The Urge to Interfere

For the past week, I’ve been on loan to part of our upper elementary class while the remainder of the class is on a trip. Even though I brought some of our oldest lower elementary children (the ones who will be moving into the older class next year), I’ve only had between 8 and 10 children each day, and that has given me a chance to notice some quirks of my own behaviour.

What I want to see more than anything in my classroom is focused, joyful work. Within limits, I don’t care all that much what the children choose to work on; I just care that the work on it with attention, effort, and enthusiasm. And yet, I find it nearly impossible not to meddle, and the longer the children focus on a particular project, the more I feel the urge to interrupt them, sometimes to try to guide them to something else and sometimes in a weirdly backwards effort to inspire them to keep working on the project longer.

I’ve suspected all year that I might be interfering at less than helpful moments, but in a full classroom with lots of children who really do need redirection fairly often, it’s easy not to notice. On the other hand, with only eight children, most of whom (being older) have fairly involved projects to work on, there really isn’t that much for me to do a lot of the time. Yes, there are lessons to give, but if I gave lessons with the sort of frequency that I’d give them in a class of 30, they’d do nothing but sit in lessons all day and get very, very annoyed with me.

So what the heck’s going on? Here’s a few things I’ve thought of.

  1. It’s really, really hard to accept that sometimes my job means sitting back and not “teaching”. As soon as I realize the best thing to do is get out of the way and prepare materials, observe, update records, or even read a book, the next thought to cross my mind is “but what if someone sees me? They’ll think I’m not doing my job!”
  2. It’s very hard to ignore the (perceived) societal/parental/administrative pressure to push the children to focus on certain things. I find myself thinking: “okay, you’ve been working on those origami polyhedra all day. It’s time to stop unless you’re going to write a report on platonic solids too. Besides, you haven’t done any writing, or reading, or math, at all today.” So what? They’re concentrating. Hard. And they’re developing spacial skills. And fine motor control. And curiosity about polyhedra, which just might evolve into that report on platonic solids, at least if it’s not too obvious that that’s what their guide is secretly hoping will happen. And anyway it’s a chance to sit down with some children that I rarely have a chance to talk with at any length and hear what they have to say. Verbal expression is a local curriculum requirement, too (not that it’s one that Montessori children have any trouble with!).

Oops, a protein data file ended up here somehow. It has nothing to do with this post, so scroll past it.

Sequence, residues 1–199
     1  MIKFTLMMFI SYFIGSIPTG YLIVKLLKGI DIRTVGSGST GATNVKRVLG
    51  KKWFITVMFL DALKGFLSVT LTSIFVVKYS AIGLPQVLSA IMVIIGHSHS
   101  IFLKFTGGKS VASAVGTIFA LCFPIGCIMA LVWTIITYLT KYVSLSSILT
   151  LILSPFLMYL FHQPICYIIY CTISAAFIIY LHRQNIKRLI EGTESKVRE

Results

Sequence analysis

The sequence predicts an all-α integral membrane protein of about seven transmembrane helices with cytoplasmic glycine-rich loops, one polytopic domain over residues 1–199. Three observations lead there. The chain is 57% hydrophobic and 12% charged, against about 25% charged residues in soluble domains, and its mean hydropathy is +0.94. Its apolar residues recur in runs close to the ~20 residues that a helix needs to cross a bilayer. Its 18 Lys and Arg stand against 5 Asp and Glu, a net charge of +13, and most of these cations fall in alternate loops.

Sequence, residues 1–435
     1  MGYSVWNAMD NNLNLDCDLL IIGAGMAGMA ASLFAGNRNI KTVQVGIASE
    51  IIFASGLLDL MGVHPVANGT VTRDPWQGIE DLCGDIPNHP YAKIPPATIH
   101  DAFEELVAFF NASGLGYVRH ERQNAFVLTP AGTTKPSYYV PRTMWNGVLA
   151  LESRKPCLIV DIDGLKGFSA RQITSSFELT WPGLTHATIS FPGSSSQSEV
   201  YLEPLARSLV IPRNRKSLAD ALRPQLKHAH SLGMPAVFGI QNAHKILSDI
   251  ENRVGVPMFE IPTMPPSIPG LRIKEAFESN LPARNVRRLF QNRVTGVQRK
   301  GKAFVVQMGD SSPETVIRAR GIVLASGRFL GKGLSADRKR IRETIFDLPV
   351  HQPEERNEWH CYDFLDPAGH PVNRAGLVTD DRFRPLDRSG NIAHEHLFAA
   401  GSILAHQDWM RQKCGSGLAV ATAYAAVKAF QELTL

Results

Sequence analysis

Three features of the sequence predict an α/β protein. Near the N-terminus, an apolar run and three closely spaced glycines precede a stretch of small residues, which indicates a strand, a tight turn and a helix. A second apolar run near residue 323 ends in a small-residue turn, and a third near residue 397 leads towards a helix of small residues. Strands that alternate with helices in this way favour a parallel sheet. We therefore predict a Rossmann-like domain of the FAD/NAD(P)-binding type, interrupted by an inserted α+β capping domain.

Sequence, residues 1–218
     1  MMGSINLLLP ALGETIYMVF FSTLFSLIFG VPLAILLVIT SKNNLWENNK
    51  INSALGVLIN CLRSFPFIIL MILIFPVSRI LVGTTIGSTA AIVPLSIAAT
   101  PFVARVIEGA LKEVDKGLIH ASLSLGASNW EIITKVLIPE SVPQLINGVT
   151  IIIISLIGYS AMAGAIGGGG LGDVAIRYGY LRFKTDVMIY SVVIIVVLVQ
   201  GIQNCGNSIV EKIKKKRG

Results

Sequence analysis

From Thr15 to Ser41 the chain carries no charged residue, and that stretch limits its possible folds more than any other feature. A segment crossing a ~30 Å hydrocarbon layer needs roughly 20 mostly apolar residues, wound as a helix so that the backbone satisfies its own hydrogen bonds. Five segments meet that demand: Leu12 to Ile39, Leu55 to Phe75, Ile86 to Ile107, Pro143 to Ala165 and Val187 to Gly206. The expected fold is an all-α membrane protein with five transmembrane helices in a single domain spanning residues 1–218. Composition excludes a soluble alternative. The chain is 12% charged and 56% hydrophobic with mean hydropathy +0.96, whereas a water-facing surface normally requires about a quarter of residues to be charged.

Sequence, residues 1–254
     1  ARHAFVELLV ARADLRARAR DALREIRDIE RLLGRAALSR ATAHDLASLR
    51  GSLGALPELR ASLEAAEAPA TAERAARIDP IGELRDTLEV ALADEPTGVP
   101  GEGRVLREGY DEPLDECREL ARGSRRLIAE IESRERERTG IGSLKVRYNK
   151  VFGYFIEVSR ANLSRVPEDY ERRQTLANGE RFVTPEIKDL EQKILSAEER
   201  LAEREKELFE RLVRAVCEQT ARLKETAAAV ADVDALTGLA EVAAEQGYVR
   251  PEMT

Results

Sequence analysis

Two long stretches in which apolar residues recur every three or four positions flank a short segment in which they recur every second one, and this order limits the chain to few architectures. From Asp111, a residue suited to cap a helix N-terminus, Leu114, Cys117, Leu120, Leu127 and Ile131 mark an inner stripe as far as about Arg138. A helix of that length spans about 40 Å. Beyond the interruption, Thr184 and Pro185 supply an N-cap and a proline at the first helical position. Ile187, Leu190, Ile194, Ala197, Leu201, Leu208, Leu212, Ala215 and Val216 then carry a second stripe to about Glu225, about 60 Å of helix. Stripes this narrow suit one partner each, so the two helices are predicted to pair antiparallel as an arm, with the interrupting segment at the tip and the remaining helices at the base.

3. Despite much of a lifetime spent in Montessori (and other progressive) schools, I’m still influenced by the disturbingly common belief that children who are enjoying themselves must not be learning, or working hard. Yes, the enjoyment gets out of hand and spills over into just plain distracted silliness now and then (and is that really the end of the world?), but most of the time, the giggling means the creative juices are flowing. I want that to happen. And yet I interrupt it.
  4. (This is the not-beating-myself-up reason.) There are legitimate reasons to interrupt the children. They do need to be offered new lessons (even if not too many), and sometimes they do get lost in their projects and need help to refocus. And yes, society has given us (the children and me together) an obligation to make sure they learn certain things. As a first year teacher, I’m not always sure what’s what. Is now a good time to give this lesson? Should I insist they come? Is that giggling a sign of distraction or of focused work? Should I let the distraction go and see what happens, or should I head it off now before it gets really out of hand? Is the work they’re choosing right now a way of avoiding other things? Does it matter? Do we need to have a conversation about responsible choices? I don’t think there are any universal answers to these questions, though I continue to hope that someday I’ll develop an instinct for when to intervene and when to leave well enough alone. In the meantime, all I can do is  fumble around trying things and seeing what happens.

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